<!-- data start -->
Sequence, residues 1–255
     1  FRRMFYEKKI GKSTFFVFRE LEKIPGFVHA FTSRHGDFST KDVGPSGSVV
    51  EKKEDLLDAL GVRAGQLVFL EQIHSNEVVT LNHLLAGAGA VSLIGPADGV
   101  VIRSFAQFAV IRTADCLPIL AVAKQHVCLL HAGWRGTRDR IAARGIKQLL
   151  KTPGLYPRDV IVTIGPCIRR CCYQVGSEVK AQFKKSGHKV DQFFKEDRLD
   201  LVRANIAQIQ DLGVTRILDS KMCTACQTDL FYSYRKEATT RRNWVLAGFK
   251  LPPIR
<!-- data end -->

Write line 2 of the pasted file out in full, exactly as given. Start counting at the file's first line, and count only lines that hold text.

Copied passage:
     1  FRRMFYEKKI GKSTFFVFRE LEKIPGFVHA FTSRHGDFST KDVGPSGSVV